A landmark report into the future of British roads has called for radical adoption of congestion-charging schemes and a thorough upgrading of the transport infrastructure.
Sir Rod Eddington’s landmark study claims congestion will soon cost the UK economy £22 billion a year and threatened the economic success that was so responsible for the network’s overcrowding in the first place.
“Parts of the system are under serious strain”, Eddington said. “If left unchecked, the rising cost of congestion will waste an extra £22 billion worth of time in England alone by 2025. By then 13% of traffic will be subject to stop-start travel conditions.”
He stated that cutting travel times by just 5% could in itself save the economy £2.5 billion a year.
Echoing an earlier report this week, Eddington recommended extending congestion pricing on the roads and environmental pricing across all modes of transport - a measure that could recoup £28 billion a year by 2025.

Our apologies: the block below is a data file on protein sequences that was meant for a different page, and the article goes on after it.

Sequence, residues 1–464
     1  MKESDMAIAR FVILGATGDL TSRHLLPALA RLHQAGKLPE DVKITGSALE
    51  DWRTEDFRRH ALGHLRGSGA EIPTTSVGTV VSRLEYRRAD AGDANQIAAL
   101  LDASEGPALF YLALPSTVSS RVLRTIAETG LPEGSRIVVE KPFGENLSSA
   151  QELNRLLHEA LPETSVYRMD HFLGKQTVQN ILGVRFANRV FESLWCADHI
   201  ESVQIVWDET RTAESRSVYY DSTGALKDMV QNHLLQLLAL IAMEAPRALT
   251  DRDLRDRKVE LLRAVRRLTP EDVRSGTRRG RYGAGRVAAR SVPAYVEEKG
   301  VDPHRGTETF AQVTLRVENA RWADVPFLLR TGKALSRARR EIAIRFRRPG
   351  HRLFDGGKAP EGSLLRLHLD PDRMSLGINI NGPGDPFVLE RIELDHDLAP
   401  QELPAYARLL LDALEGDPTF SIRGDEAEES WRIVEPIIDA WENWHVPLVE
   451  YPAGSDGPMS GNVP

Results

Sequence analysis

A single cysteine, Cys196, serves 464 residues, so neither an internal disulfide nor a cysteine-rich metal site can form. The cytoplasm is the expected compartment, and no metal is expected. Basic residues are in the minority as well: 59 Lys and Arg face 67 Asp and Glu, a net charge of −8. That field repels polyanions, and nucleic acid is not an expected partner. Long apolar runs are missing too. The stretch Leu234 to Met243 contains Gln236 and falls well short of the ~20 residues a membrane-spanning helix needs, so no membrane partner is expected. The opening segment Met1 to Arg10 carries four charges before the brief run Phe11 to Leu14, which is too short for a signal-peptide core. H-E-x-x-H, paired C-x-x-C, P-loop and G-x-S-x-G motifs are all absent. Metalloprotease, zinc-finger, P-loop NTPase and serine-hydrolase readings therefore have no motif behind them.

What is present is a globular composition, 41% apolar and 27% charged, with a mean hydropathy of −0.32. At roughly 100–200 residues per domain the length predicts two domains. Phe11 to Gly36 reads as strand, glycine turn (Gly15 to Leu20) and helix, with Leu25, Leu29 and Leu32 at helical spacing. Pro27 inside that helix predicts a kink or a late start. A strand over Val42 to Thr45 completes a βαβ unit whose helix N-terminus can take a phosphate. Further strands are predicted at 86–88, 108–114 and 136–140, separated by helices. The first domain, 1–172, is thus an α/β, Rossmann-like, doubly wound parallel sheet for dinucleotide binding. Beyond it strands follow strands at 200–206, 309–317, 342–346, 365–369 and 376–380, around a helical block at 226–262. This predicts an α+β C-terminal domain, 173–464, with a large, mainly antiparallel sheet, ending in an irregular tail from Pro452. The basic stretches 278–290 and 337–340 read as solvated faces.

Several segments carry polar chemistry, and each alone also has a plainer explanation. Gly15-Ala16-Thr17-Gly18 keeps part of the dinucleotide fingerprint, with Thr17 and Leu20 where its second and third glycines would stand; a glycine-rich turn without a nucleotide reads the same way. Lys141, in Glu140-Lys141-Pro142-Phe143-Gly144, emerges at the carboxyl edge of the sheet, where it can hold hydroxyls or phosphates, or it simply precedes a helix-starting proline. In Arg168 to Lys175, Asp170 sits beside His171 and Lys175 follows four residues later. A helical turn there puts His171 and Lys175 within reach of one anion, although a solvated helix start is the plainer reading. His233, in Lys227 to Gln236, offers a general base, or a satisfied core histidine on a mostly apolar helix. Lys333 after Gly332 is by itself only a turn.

Eddington also painted a dire picture on the rail network, with commuter lines forecast to see further overcrowding, and intercity rail services seeing many trains at or beyond seating capacity on the approaches to cities.
The Conservative and Liberal Democrat parties both broadly endorsed the report, paving the way for PAYD plans regardless of who wins forthcoming general elections.